I found

[ ! -f /etc/default/lxc-net ] || . /etc/default/lxc-net

in /etc/default/lxc on Ubuntu 16.04 which seems to be replacing (my own or package maintainer code)

[ -f /etc/default/lxc-net ] && . /etc/default/lxc-net

Since the test is counter-intuitive (in case of failure of the test about non-presence of the file run the command) I was wondering if it has any advantage over the &&-version.

2 Answers 2


Yes, if you care about the exit code of the compound statement. Try the following:

#! /bin/sh -

! "$@" || true
echo "$?"

"$@" && true
echo "$?"

then run it with true and false as arguments.

./script true

./script false

This is because short-circuit evaluation of boolean expressions.

In OP's example, let's suppose the file doesn't exist:

  • In the first case, the first condition returns TRUE, no need to evaluate the second operation (TRUE OR x = TRUE). You get a TRUE for the compound statement.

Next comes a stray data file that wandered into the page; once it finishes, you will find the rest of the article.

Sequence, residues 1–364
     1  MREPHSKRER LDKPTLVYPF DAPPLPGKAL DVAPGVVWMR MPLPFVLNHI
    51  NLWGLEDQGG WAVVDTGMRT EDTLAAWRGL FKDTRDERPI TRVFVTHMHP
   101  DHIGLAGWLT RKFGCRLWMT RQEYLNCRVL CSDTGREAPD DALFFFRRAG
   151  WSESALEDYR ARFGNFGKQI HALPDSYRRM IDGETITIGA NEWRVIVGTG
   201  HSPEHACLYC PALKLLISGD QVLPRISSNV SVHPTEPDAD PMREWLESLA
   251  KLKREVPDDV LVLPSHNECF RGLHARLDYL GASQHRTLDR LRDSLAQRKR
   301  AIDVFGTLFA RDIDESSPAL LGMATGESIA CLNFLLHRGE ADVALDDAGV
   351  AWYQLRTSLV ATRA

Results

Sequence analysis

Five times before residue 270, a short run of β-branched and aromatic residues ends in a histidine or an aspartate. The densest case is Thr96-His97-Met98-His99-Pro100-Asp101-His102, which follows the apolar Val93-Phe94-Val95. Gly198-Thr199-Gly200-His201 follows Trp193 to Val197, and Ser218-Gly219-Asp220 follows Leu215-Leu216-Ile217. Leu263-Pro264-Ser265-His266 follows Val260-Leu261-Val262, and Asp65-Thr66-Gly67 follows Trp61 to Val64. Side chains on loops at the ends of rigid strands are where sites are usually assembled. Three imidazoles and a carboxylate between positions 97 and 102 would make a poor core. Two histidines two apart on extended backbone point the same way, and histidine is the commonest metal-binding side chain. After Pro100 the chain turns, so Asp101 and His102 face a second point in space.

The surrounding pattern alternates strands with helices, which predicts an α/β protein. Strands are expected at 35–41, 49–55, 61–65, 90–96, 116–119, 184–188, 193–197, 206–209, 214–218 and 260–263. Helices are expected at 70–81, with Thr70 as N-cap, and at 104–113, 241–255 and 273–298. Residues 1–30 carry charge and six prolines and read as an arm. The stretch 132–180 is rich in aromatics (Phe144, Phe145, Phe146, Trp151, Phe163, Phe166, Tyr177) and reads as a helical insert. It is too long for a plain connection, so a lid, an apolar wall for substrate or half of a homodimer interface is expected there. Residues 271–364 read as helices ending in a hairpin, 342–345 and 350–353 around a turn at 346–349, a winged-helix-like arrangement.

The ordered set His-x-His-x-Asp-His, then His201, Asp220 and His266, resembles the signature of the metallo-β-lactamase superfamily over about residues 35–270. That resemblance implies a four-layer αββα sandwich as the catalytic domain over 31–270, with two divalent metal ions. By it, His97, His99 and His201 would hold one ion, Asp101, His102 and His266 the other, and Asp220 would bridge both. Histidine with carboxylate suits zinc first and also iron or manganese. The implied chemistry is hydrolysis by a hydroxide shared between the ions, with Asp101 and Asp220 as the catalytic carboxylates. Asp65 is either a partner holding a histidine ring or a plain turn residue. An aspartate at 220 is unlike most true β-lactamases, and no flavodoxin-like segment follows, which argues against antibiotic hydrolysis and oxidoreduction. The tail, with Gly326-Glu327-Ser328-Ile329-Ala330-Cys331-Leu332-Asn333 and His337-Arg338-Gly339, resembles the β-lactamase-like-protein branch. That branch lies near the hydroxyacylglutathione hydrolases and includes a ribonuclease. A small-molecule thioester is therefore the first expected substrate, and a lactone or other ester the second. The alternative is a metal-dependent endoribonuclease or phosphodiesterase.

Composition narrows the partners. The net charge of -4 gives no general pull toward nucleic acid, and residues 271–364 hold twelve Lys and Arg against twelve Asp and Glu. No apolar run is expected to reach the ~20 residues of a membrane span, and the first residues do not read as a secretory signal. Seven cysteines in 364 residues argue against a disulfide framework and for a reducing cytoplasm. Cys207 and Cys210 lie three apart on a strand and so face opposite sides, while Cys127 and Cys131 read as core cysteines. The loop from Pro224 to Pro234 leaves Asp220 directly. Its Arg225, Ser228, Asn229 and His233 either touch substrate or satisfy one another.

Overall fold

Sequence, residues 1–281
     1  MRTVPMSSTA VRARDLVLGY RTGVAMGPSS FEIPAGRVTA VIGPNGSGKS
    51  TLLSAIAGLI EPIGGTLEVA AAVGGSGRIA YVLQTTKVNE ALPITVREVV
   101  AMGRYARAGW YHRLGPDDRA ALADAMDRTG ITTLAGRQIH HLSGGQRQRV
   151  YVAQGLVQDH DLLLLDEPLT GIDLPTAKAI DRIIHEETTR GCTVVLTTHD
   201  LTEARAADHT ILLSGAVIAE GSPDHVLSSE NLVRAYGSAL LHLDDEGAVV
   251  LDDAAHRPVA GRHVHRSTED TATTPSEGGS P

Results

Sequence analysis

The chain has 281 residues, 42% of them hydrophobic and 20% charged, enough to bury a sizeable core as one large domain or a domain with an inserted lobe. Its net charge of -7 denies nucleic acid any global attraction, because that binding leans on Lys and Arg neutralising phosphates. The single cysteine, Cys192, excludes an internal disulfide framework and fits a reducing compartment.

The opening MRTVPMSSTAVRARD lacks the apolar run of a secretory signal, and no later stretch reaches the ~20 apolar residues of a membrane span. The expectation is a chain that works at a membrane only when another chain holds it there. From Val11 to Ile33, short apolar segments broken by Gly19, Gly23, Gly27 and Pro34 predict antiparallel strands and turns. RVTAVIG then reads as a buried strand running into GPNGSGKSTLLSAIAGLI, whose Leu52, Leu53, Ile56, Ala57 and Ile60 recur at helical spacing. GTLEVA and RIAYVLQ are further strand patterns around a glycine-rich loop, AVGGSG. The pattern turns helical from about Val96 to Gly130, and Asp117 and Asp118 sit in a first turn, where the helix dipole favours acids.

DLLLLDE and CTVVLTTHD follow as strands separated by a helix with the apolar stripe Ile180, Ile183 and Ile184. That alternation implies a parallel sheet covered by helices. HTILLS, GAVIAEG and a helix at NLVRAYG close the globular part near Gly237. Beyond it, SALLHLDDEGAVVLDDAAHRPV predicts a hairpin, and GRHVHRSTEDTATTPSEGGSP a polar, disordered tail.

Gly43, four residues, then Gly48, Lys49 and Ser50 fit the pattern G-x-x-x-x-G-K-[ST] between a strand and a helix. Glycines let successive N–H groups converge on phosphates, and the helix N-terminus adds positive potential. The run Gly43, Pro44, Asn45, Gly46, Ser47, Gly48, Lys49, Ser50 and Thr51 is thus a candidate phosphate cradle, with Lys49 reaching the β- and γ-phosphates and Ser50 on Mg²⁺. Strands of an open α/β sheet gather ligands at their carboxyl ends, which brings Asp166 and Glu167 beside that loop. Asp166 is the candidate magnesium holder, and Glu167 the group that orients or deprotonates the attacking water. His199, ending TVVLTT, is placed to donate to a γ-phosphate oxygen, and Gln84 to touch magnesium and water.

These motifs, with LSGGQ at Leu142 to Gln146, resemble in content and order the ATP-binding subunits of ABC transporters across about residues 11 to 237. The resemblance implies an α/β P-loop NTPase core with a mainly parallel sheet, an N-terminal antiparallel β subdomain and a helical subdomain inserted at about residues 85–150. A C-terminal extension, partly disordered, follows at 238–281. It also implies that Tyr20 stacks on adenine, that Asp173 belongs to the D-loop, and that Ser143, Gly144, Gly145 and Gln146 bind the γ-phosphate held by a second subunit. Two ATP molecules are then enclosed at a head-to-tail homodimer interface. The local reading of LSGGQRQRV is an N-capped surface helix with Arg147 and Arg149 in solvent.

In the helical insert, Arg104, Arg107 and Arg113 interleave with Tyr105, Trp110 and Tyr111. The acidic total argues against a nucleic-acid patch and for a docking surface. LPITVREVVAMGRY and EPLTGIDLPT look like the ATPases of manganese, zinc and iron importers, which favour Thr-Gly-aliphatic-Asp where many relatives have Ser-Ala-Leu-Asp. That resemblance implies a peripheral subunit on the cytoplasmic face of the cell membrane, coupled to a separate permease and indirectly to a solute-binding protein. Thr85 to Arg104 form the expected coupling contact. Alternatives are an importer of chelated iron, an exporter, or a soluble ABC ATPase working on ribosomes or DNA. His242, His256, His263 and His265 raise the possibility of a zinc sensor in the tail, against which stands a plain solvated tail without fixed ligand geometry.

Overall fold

• In the second case, the first condition returns FALSE, no need to evaluate the second operation (FALSE AND x = FALSE). You get a FALSE for the compound statement.

Exit codes are very important. Check What does set -e mean in a bash script? to see possible implications of set -e, trap and set -o pipefail.

  • 3
    You might want to point to the -e option as one reason one might well care very much about exit codes.
    – JdeBP
    May 17, 2016 at 15:22
  • @JdeBP: In stackoverflow.com/questions/19622198/…, the most accepted answer is to use trap instead of set -e. Besides that, there is the recommendation of also setting set -o pipefail.
    – mmoya
    May 17, 2016 at 15:54
  • @JdeBP though a || b/a && b seems like the one place where you wouldn't care about the exit code of a w.r.t set -e, since set -e will only be triggered by the final command in the chain (the Bash manual says: "The ERR trap is not executed if the failed command is ... part of a command executed in a && or || list except the command following the final && or ||... These are the same conditions obeyed by the errexit (-e) option. " )
    – muru
    Nov 22, 2023 at 11:54

[ -f file ] is true when file exists and is a plain file.

[ ! -f file ] is true when file does not exist or is another file type.

So there is no real difference - except for readability.

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